The Colectiv Inferno

Photo by Andreea Alexandru

Friday the 30th of October 2015 marks the date of the most heartbreaking tragedy in recent Romanian history. During the album launch concert of the metal band Goodbye to Gravity, a popular club in Bucharest was engulfed in flames. The club is called Colectiv, and the fire started from some minor fireworks – the kind you can put on a birthday cake. The sparks set the soundproofing sponge the walls were covered with on fire, and within minutes, the crowded room had become an inferno. Now, two days later, thirty people have died, ninety are still in critical condition, and another sixty five are wounded. Both guitarists of the band playing that night have died. The singer is in critical condition. Many other musicians have been hurt badly or have died, as the club was packed with friends and colleagues of the band…

This isn’t meant to be a “proper” news article. This is just meant to show two sides of a situation, to expose something probably few people understand about the metal and underground scene in Romania, and the local society as a whole. The scale of the tragedy has incited a deluge of public reaction, but what is truly chilling is the extreme distance the “sides” of opinion exist from each other.

On the one side, we have the spectacular rally of people willing to help and to show sympathy and compassion. Twelve thousand people marched Sunday the 1st of November, in support of the victims and their families, a silent gesture of human empathy, and a show of concern towards safety standards and regulations, and the corruption which could lead to such a catastrophe. Many of the clubs in Bucharest closed on Saturday, out of sympathy, but those which didn’t found themselves lacking a customer base, since a great number of people refused to go out, out of respect. The sheer number of people donating blood and offering to donate skin grafts is amazing, and heartwarming. There are also many companies and businesses offering free services and assistance to those in need, from hotel rooms to airline tickets and food. There are candles in the dark, flickering, but still there.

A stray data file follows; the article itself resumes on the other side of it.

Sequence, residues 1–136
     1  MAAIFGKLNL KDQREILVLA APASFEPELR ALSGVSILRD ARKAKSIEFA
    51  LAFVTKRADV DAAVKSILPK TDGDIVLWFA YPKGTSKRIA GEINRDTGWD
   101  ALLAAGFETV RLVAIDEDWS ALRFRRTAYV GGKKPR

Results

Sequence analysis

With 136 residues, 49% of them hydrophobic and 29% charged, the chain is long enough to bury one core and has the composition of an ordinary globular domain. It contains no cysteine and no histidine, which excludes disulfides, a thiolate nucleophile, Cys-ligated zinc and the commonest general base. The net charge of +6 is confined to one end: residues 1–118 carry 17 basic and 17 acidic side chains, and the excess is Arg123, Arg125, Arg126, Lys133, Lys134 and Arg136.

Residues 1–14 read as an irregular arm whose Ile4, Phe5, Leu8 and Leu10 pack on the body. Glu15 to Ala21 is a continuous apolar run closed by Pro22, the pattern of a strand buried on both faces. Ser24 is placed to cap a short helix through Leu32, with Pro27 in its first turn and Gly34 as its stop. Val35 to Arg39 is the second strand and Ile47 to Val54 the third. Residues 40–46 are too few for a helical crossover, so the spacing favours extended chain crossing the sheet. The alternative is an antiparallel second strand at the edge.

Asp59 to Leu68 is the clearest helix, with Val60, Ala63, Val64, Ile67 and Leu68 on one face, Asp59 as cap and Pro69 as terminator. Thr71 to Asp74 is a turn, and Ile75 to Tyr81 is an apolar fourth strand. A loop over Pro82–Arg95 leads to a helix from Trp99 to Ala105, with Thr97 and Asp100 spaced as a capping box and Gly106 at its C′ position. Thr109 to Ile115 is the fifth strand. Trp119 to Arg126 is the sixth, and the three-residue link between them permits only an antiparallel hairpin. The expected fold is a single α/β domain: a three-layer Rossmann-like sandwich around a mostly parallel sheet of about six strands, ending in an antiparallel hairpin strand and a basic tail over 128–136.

And yet, there is also the dark. The tragedy’s proximity to Halloween, and the fact that it was a metal concert, has brought out the worst in contemporary Romanian society as well. The chorus of opinions shouting that the people killed, injured, scarred, still struggling to stay alive in understaffed and underequipped hospitals, actually deserved to suffer like that, for “worshipping Satan”, for “embracing Pagan holidays”, for being “drunks and junkies and losers” is just deafening and represents a truly eye-opening and heart-sinking state of affairs in a country which deems itself worthy of being called civilized, and part of a global community. We have political party leaders declaring that the national mourning period announced by the President is unjustified for such dregs of society as those twenty-something “Satanists”. We have national televisions capitalizing on the tragedy by saying that there were omens and signs pointing to the inevitable demise of these kids, hidden even in the words of one of the band’s songs – “The day we die”.

I hope many of you reading this will find such attitudes hard to believe. This social sociopathy seems to belong in 1692 Salem, not in 2015 Romania. And yet it is true. This kind of response to a genuine tragedy, regardless of context and of beliefs, paints a grizzly picture – a scared people, aggressive, ready to dehumanize anyone, with a hunger to blame, to chastise, to judge, and to proclaim truth than nobody asked for, that nobody needs right now. What people need is empathy, decency, support, help.

I’m from across the country, my friends are scattered across Europe (France, The Netherlands, Germany), and yet we all know someone who knew someone who was there, or who got burned, or who died in that fire. We all attribute so much importance to our loved ones who share an interest for a musical niche, that we can forget how very few of us there are, overall. As of November 1st, 23:00, thirty people have died, and that is enough to shake most of those I hold dear on a personal level, beyond the simply human empathic response we all thought was universal. Apparently, we were wrong. We are a small, fragile community made to reel in shock as much for the fire itself, as for the society which survived the fire.

Thank you, for those who marched, for those who stood silent, for those who helped and are helping. And to the others, you’ve missed the point – the lyrics go: “…the day we give in, is the day we die.”

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